If You're An Enneagram 1, This Is The Cocktail You Must Try

If you're having trouble figuring out what your next go-to cocktail should be, your Enneagram type might just be the place to start. The Enneagram is a personality test, similar to the Myers Briggs test. Knowing your Enneagram type can help you identify your strengths, weaknesses, and which other Enneagram type you're most compatible with. But living life based on your Enneagram doesn't have to be all serious all the time. The Enneagram is a popular talking point not just at work but out on the town, too. At your next happy hour, change up your routine by ordering a cocktail based on your Enneagram type.

Enneagram Type Ones, also known as The Reformers, are "the rational, idealistic type" (according to the Enneagram Institute). Type Ones value high quality not just in themselves and their work but in everything they interact with, including a good cocktail. Known for their perfectionist tendencies, only the best will do for an Enneagram Type One.

Scotland's best (and make it neat)

According to Inspired By This, for Enneagram Type Ones, the simplicity and reliability of a glass of scotch, neat, fits the bill. There's plenty of options when picking your spirit of choice, but for someone looking for a high-quality liquor with a warm aroma and smoky, bittersweet finish, Scotland-made scotch is the way to go. Enneagram Type Ones, with their key motivation "to be right," would likely be the one to tell you the difference between bourbon, whiskey, and scotch (per the Enneagram Institute). Scotch must be made in Scotland to receive its title, and the Scottish practice of whiskey distillation has been fine-tuned to create blends that don't need a mixer.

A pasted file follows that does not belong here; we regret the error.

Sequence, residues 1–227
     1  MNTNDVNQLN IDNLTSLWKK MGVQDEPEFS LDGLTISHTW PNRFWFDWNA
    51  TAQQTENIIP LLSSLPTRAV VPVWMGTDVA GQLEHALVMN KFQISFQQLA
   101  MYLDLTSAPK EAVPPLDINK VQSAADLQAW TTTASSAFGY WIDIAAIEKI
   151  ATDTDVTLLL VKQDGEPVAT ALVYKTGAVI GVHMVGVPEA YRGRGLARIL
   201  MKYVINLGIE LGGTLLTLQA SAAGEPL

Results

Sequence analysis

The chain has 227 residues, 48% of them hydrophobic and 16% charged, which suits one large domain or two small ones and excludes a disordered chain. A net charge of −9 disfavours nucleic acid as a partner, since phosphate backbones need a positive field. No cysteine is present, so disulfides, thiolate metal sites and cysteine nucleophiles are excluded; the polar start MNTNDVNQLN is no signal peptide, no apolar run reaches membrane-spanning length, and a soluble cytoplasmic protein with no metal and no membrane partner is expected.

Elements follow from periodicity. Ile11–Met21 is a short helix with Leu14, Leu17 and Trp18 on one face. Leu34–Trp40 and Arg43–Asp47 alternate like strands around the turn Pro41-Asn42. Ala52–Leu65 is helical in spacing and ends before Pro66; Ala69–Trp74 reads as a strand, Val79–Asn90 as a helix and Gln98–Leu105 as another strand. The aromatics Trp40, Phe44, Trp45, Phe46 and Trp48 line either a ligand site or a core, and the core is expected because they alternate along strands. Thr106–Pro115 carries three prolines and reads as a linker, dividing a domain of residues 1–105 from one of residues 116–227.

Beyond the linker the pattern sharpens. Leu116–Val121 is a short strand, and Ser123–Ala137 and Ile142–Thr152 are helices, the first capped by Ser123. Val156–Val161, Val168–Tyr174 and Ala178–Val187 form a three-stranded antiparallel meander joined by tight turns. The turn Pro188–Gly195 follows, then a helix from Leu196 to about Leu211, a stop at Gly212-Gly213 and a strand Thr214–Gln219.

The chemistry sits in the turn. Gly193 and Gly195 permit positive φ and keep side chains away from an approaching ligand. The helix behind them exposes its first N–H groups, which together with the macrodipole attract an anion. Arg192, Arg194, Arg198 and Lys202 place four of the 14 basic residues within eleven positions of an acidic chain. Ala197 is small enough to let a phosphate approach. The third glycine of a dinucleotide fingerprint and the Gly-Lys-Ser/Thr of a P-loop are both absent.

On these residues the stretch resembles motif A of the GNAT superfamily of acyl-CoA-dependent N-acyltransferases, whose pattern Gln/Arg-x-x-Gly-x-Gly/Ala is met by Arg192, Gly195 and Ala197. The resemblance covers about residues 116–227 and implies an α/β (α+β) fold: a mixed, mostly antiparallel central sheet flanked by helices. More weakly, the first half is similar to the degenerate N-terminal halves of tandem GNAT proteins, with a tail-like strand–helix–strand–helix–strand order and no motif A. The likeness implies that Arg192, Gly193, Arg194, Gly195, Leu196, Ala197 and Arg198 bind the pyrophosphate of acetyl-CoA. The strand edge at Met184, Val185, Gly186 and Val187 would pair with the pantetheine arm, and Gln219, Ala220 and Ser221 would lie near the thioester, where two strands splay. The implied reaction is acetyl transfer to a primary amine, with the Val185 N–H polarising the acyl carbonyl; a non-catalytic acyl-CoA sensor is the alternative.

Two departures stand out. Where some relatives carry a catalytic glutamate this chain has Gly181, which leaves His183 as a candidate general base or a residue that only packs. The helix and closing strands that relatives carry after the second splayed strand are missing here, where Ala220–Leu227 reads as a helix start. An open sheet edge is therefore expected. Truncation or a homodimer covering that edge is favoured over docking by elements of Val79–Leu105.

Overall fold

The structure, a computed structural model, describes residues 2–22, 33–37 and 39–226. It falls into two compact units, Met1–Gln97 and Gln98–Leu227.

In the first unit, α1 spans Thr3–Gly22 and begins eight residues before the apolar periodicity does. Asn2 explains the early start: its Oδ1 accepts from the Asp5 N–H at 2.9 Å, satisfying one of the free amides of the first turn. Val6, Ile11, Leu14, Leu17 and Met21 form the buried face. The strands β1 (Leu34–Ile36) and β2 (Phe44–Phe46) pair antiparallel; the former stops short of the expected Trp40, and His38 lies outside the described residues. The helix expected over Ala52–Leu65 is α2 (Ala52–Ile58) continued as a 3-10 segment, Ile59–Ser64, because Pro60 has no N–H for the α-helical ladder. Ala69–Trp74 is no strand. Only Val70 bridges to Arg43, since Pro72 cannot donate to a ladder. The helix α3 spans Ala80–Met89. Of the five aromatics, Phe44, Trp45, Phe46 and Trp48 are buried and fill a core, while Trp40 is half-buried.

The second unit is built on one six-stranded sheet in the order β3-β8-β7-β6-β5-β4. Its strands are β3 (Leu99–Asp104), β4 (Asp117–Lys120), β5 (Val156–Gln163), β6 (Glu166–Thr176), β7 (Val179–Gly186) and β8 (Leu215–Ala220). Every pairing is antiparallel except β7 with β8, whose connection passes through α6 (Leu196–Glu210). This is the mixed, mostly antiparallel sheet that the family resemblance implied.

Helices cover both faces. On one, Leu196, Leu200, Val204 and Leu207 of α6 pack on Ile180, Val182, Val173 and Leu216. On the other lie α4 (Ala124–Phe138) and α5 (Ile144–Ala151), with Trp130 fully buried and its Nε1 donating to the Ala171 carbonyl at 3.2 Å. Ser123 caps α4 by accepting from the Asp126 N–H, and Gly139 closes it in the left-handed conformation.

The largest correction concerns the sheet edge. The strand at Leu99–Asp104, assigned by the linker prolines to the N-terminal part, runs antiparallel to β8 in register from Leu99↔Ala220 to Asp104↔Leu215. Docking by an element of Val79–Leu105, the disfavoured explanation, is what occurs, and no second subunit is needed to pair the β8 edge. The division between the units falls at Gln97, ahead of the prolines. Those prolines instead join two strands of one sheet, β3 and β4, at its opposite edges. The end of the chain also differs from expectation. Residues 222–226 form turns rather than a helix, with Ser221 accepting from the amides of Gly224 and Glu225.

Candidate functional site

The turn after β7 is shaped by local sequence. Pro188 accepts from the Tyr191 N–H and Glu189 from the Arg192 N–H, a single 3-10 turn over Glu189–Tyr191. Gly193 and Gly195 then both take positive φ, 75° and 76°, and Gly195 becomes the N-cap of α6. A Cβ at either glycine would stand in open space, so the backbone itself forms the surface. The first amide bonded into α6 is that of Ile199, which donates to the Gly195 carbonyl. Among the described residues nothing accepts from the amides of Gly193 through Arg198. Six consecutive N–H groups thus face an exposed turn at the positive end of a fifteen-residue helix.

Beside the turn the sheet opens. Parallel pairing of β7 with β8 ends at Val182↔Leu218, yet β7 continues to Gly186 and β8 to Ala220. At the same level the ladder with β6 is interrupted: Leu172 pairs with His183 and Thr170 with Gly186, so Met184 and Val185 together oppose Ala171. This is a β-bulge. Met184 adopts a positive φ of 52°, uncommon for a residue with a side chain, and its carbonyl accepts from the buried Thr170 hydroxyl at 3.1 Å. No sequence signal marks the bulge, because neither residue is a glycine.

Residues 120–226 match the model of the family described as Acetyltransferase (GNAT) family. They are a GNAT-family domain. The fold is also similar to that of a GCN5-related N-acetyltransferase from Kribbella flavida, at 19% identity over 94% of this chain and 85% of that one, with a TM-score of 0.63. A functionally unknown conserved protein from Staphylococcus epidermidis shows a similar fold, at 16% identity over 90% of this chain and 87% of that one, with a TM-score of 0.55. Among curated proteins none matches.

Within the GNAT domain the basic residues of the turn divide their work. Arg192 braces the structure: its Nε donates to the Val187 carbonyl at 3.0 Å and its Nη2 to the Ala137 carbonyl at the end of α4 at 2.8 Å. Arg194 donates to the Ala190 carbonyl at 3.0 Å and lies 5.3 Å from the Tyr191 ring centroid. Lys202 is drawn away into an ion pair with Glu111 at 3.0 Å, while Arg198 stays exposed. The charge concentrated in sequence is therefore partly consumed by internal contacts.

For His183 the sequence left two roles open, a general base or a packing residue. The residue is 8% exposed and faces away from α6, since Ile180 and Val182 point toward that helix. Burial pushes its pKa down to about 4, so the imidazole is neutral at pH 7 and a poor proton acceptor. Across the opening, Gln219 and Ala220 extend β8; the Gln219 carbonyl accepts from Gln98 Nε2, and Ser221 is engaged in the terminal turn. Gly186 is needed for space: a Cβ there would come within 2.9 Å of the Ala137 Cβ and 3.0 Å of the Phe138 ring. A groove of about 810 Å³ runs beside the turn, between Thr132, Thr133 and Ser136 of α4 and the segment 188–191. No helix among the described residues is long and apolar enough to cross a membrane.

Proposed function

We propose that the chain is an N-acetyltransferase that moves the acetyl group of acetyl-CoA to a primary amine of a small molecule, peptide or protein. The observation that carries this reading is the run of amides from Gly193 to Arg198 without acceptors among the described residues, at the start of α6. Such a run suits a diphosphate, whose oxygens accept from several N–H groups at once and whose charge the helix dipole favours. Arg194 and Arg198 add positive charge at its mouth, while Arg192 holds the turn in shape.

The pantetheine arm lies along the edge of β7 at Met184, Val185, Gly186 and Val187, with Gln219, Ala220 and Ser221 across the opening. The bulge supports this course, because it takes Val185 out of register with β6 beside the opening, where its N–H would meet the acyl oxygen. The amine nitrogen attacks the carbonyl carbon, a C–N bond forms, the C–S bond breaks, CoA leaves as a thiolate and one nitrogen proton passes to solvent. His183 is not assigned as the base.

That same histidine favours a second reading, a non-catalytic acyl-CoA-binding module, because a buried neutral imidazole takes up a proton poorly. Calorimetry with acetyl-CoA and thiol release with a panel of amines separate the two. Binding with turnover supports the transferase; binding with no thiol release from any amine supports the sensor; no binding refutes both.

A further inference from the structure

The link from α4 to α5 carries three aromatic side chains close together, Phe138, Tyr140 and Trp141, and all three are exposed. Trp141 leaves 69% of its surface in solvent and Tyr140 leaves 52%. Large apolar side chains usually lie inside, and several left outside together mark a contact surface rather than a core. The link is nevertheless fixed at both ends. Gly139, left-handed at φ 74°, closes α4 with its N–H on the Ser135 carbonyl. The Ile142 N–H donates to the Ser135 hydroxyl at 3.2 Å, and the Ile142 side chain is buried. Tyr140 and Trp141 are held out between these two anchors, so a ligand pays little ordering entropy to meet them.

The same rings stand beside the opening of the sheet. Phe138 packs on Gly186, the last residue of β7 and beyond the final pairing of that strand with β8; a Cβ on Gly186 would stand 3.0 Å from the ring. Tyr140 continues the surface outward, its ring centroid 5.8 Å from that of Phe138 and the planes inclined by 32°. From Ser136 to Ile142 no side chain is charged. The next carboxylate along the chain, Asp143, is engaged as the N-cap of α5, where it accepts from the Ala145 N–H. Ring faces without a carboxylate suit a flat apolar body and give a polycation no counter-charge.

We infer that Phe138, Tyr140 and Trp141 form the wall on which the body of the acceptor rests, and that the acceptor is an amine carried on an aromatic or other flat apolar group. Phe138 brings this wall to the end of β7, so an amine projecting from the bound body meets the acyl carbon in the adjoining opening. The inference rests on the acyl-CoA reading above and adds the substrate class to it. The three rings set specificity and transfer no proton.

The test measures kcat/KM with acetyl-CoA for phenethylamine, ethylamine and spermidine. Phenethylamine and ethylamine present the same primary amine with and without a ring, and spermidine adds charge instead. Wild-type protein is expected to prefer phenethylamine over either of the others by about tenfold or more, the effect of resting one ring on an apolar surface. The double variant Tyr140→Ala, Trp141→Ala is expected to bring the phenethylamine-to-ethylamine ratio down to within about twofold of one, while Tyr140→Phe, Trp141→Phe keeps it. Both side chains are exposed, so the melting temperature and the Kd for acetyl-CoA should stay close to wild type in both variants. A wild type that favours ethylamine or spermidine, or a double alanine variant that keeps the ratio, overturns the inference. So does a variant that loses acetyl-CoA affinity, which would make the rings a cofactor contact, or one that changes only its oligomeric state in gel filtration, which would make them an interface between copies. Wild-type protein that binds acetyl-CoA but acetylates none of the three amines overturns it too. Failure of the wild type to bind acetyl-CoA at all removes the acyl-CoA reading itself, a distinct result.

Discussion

Even under the single umbrella of scotch, you'll be able to find plenty of diverse flavors to suit your palette. "There's been a blurring of the lines in terms of flavor profiles, and there's experimentation going on," Pouring with Heart spirit guide Pedro Shanahan told Liquour. "It's exciting," he went on. "[I]t makes it more of an adventure for a novice who wants to start exploring scotch."

Not just for the boys

While scotch is typically viewed by society to be a more masculine drink, there are no strict gender roles to be enforced when it comes to drinking whiskey. However, diving into whiskey and scotch culture can be intimidating at first, so it helps to start out with a few helpful hints.

The first is obvious: scotch, bourbon, and whiskey are not the same thing. Each is made in its own specific way, with scotch being made only in Scotland. Honest Food Talks recommends starting out with a non-smoky flavored scotch if you're new to the scene. This "unpeated" scotch is ideal for beginners since its taste and aroma won't be as intense as more peated counterparts (according to Honest Food Talks).

When taking a whiff of your scotch, be sure the glass isn't too close to your face and that you don't breathe in too much. The harsh alcohol smell could light a newly-minted scotch drinker's nostrils on fire. Inhale gently and get familiar with the scents. And if scotch neat is still too much, that's okay. Adding water is a respectable practice for a scotch newbie. Even bars in Scotland keep water at the bar to put in scotch (according to Honest Food Talks).